The slingshot will not have got the better of Boris Johnson. The British Prime Minister managed to keep his post on Monday evening, after a vote of no confidence in the Conservative Party, once again confirming his reputation as a Teflon politician.
Posted at 6:18 a.m.
Updated at 8:04 p.m.
Of the 359 “torrie” deputies who voted, 211 voted in favor of BoJo and 148 against, a considerable number which reflects deep divisions within the right-wing political formation.
This vote of no confidence comes two weeks after the publication of an investigation report on “partygate”, a scandal linked to the very drunken evenings which were held in the residence of the Prime Minister during the second confinement, in defiance of the health rules that he himself had enacted.
These shortcomings were very badly perceived by the British population and earned Boris Johnson virulent criticism from the opposition, but also from his own camp.
So far, only a handful of elected Conservatives have openly expressed their dissatisfaction. But the vote of no confidence was officially triggered Monday, after we reached the fateful figure of 54 letters from deputies (15% of the majority) demanding his departure.
Pleading his case to his troops before the vote, Boris Johnson had urged them to end a saga he said was only of interest to the media to “talk exclusively about what we are doing for the people of this country”, according to a government official. Conservative Party quoted by AFP.
Addressing their Thatcherite streak, he had dangled tax cuts and cuts in the administration, contrasting with the massive public interventions of recent years in favor of the pandemic, or more recently of the crisis in the cost of life.
His efforts have clearly paid off. Under current rules, this victory means that the former mayor of London can no longer be challenged by his troops for at least a year. But this internal crisis will leave marks. And nothing says that the next few months will be easy for BoJo, in a delicate context of war in Ukraine and inflation at its highest for 40 years.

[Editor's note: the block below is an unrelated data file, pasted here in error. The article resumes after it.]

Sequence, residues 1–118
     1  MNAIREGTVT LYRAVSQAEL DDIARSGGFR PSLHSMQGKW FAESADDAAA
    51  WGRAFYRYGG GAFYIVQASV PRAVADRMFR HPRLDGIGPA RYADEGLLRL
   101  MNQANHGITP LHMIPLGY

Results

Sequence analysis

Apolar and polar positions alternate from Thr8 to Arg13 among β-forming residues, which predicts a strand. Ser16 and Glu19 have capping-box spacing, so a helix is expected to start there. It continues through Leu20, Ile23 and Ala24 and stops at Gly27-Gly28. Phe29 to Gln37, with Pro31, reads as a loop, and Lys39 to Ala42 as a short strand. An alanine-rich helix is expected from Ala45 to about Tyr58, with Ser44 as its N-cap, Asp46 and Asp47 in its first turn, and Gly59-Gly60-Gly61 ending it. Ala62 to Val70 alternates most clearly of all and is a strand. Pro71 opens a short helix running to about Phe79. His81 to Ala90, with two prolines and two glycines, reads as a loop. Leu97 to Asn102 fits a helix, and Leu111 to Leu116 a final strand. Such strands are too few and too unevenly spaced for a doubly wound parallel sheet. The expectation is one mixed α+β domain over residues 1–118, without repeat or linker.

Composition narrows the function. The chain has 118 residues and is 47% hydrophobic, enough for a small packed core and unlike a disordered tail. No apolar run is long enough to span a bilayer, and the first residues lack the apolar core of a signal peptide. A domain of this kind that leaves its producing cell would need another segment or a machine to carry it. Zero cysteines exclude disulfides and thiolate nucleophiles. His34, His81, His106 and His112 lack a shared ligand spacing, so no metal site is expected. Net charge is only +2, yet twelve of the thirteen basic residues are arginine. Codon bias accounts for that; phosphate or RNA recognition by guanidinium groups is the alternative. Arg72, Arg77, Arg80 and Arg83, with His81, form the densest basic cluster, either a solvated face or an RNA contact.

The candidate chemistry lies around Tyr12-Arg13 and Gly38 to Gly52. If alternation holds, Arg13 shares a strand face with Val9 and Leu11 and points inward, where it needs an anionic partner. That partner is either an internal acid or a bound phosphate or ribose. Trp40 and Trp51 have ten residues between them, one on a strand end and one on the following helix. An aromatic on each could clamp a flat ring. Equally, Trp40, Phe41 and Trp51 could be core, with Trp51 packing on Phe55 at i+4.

Christopher Stafford, professor of politics at the University of Nottingham, answers our questions.
THE PRESS : How to explain this result, considering the scale of the slingshot?
CHRISTOPHER STAFFORD: Johnson’s victory can be attributed to a few factors. Mainly the absence of viable successors and the fact that several deputies owe their position to him. The majority of his cabinet wouldn’t even come close to being in government if it were another prime minister.
A few days ago, the vote of no confidence still seemed very hypothetical. Why did the mood turn so quickly?
Sue Gray’s investigative report and voter reaction are key. The population is very angry against Johnson and his deputies know it. There are two by-elections shortly and the Conservatives appear to be heading for defeat in both cases, even though one of those seats has traditionally gone to the Conservatives. Johnson is responsible for this and his deputies are starting to get nervous.
BoJo therefore saves his skin. Does that mean his problems are over?
He hangs on, but it will be difficult to continue. He claims victory, but the large number of deputies who voted against him means that his position will be untenable in the long term.
What effect on the Conservative Party? A weakening?
Absolutely. Johnson pulls the party down. Several of his recent political ads were controversial because they were intended to grab headlines and distract voters. Even though several of his MPs voted against him, his party is perceived as making his life easier and he suffers as a result.
What to expect in the coming months?
This story is not over. Far from there. The scale of the vote against him is very large and although he tries to downplay it, it leaves him seriously weakened.
148 MPs against is worse than Theresa May a few years ago, and worse than previous leaders John Major and Margaret Thatcher. Thatcher had obtained 147 votes against and had to resign despite his victory. Johnson’s only desire is to be Prime Minister and so he will stay in power for as long as he can, hoping it will fade and he will get through it.
But for the moment, the opinion is largely against him.
With Agence France-Presse